Danielle Blacklock: "We have an opportunity to consider our unique role in supporting farmers, while also adding new farmers to our community."

Listening sessions 'have helped shape US aquaculture vision'


The US National Oceanic and Atmospheric Administration (NOAA) has completed a five-month programme of nine public listening sessions that it says will help it implement its Aquaculture Strategic Plan.

The first session was held at the Northeast Aquaculture Conference & Exposition (NACE) in Providence, Rhode Island, on January 12, and the final session was held earlier this month in Hawaii. Some sessions were in-person events, some virtual, and some offered both options.

“Over the last five months, I have travelled across the country and spent hours in virtual spaces, meeting with many of you [as part of the series]," said Danielle Blacklock, director of the NOAA Office of Aquaculture in a newsletter.

“As part of this conversation about our future, we worked closely with regional leaders. Together, we created space for aquaculture growers, seafood industry workers, researchers, coastal community members, and the general public to share their views on the future of aquaculture at NOAA Fisheries. This includes what aspects of NOAA’s science and services are of most value to the public.”

Lack of services

Blacklock said she sees tenacity in every aquaculture grower she meets.

“I lean on that tenacity during times like these, as aquaculture lacks the services needed to guarantee success in our changing marketplaces, waterfronts, and global climate.”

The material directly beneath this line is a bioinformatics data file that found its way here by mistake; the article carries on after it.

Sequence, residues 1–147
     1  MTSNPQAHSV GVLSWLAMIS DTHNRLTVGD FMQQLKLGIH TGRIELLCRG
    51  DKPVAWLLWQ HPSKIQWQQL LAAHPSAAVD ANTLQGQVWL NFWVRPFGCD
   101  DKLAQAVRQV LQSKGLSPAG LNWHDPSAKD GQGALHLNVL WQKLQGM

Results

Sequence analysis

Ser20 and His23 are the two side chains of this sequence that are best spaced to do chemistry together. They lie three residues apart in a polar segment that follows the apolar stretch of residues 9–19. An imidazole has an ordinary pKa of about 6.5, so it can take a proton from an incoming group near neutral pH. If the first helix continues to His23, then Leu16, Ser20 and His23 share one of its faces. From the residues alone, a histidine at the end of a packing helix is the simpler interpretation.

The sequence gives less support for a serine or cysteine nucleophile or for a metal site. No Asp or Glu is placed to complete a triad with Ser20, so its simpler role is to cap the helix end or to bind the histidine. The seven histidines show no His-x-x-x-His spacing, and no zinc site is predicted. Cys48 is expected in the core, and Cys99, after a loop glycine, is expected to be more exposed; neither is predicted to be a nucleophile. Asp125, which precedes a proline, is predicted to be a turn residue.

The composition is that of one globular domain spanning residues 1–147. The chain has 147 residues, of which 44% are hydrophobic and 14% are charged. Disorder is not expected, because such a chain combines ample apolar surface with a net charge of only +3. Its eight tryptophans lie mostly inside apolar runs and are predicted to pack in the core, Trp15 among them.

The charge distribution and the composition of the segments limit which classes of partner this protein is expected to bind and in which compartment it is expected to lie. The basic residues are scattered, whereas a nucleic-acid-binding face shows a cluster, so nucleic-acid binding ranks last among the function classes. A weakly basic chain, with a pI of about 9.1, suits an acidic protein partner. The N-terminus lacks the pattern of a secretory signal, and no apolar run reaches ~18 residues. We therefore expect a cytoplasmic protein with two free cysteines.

The NOAA aquaculture director said now was a pivotal moment for the NOAA Fisheries Aquaculture Program.

“We have an opportunity to consider our unique role in supporting farmers, while also adding new farmers to our community. Each region is unique in geography, species, and culture, but all of the growers are united in their passion for aquaculture and delivering safe, sustainable seafood to American plates.

“At NOAA we are working to develop science and services that serve you: the aquaculture industry, academics, consumers, and the American public as a whole.

“Thank you to all who attended our listening sessions to help shape that vision.”

Five-year plan

In October 2022, NOAA published its first-ever 5-Year Strategic Plan for Aquaculture to guide the agency’s work from 2023-2028. The plan is designed to support collaboration and align goals and objectives across the NOAA Aquaculture Program and with its partners.

It has four key goals:

  • Manage sustainably and efficiently, by improving the regulatory processes for sustainable coastal and marine aquaculture through collaboration with partners.
  • Lead science for sustainability by using world-class science expertise to meet management and industry needs for a thriving seafood production sector and share this knowledge broadly.
  • Educate and exchange information, by building awareness and support for coastal, marine, and Great Lakes aquaculture through two-way communication with diverse stakeholders and partners.
  • Support economic growth and viability by facilitating a robust aquaculture industry that thrives as a key component of a resilient seafood sector.